By MAUREEN PIKAL, U.S Army Combat Readiness/Safety Center, Fort Rucker, Ala. January 3, 2012
Last Thanksgiving, the kids and I went to Zell am See, Austria, for three days of skiing. Unfortunately, like so many military Families, Max and Claire's dad was not with us because he was deployed. After unloading the car, we headed straight to the rental shop to pick up gear. My kids hate this part because they have to keep putting the gear on and off, as the equipment is adjusted specifically for their size, weight and skiing ability. My husband and I also insist the kids always wear ski helmets. They complain, but the rule is they wear helmets or they don't ski.
At the end of the first day of lessons, Claire said, "Thanks, mom; I am so glad I had on my helmet because I wiped out so bad and hit my head so hard I would have been knocked out!" Max proceeded to tell me how bad and how often Claire wiped out. Undaunted by a day full of wipeouts, they then informed me they didn't want to ski with me on the third day because "my skiing stinks." Realizing they wouldn't have fun on the "easy" slopes, I agreed and arranged for a private instructor take them skiing the last day.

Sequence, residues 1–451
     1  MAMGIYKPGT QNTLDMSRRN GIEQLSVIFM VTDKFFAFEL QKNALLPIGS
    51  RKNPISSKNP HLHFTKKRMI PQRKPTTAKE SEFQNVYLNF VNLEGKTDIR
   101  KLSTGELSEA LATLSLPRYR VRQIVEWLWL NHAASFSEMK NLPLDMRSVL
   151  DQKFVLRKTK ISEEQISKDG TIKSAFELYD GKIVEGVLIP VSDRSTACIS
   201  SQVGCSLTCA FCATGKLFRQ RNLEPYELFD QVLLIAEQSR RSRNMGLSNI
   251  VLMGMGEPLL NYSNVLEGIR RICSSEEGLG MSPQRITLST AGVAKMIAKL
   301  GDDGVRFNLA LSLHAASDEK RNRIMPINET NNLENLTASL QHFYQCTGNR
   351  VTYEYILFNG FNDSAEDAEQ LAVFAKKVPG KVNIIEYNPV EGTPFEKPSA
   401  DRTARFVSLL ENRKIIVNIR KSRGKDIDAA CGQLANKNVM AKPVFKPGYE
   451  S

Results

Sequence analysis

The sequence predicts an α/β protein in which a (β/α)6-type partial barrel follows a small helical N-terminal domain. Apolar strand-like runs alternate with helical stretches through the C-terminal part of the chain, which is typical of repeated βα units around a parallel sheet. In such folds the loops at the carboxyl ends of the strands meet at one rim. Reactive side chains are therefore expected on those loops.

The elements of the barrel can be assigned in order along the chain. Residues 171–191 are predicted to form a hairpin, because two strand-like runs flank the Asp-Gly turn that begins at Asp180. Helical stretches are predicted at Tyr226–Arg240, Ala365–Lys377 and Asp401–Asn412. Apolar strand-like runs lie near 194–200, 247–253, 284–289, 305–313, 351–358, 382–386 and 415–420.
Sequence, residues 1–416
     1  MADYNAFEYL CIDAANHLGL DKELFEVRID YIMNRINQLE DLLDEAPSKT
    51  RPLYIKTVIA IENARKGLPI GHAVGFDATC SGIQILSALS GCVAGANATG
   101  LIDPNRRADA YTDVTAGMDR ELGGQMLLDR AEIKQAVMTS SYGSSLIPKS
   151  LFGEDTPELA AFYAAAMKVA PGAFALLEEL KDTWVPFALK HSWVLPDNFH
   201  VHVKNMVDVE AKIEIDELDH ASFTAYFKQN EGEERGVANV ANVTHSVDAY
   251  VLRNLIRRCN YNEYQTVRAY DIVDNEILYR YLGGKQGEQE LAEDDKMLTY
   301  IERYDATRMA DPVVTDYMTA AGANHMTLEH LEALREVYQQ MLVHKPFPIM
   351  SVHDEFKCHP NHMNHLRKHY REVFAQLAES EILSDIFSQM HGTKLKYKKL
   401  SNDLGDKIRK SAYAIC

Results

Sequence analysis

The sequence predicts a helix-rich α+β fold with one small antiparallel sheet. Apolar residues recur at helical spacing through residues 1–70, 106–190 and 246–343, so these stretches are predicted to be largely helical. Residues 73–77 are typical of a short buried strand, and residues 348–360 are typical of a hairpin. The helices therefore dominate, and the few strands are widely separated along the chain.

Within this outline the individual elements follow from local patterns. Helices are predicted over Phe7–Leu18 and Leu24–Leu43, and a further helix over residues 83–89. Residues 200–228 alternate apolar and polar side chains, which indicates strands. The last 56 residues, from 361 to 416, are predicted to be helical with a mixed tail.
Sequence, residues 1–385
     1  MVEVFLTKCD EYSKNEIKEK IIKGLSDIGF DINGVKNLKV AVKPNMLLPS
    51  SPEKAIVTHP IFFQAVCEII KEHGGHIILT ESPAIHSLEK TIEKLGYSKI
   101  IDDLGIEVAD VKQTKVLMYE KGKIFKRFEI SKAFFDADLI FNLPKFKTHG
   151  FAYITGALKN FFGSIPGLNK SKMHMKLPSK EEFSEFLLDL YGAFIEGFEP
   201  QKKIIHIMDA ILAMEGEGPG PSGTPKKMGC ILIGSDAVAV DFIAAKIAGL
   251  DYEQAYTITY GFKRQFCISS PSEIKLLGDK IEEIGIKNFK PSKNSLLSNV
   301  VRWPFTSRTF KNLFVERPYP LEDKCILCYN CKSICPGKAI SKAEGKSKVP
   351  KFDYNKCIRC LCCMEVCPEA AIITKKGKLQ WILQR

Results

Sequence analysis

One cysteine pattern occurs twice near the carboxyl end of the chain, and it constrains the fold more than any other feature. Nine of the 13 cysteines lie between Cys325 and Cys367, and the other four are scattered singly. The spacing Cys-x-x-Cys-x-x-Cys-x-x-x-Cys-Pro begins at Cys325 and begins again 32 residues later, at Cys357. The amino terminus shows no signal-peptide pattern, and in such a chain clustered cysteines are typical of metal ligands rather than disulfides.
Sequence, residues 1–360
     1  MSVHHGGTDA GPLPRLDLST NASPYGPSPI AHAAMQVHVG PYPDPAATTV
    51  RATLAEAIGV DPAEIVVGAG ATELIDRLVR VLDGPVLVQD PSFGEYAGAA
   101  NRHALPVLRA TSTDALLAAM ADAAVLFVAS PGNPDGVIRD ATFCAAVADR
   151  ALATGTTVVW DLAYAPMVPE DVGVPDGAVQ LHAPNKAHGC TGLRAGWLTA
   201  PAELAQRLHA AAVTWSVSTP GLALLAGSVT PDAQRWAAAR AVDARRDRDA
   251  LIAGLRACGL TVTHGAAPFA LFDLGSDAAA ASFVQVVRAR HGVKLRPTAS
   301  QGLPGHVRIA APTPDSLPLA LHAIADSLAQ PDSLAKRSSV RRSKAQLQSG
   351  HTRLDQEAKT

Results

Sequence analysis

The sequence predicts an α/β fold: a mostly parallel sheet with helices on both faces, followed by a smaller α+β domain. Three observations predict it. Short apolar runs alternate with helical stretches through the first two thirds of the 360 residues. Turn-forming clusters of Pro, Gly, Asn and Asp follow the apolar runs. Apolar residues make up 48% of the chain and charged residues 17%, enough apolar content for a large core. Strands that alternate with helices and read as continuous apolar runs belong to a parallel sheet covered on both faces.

The next day, I went up on the mountain with the kids and their instructor. When they hit the ski lifts, I parked myself, with book, at the lodge. We later met for lunch, and the kids and instructor were off again.
Not long after, I heard my son screaming, "Mom! Mom! Claire got ran over!" I looked up and saw a very animated ski instructor coming toward me with Claire in tow. The instructor was explaining in a mixture of English and German that she did not pursue the two skiers who did this because she was concerned with Claire's condition. After I verified both my children were OK, I listened to the rest of the story. An out-of-control skier hit and knocked Claire to the ground. His buddy, whom was also out of control, ran over Claire's head with his skis. Claire did not get up and laid on the ground until the ski instructor came to her. Claire's ski helmet had a huge two-and-half-inch-wide gouge running from the back to the front-right temple. The two thugs who ran Claire over stopped, looked at her on the ground and then took off.
The most effective way to prevent any ski injury is to know the rules of the slopes, take lessons and ski within your abilities. If you ski, chances are you will collide with another skier, snowboarder or some stationary object (maybe a tree or pole). Why wouldn't you wear a helmet? I am 100 percent positive Claire would have been dead or permanently brain damaged had she not been wearing a ski helmet that day.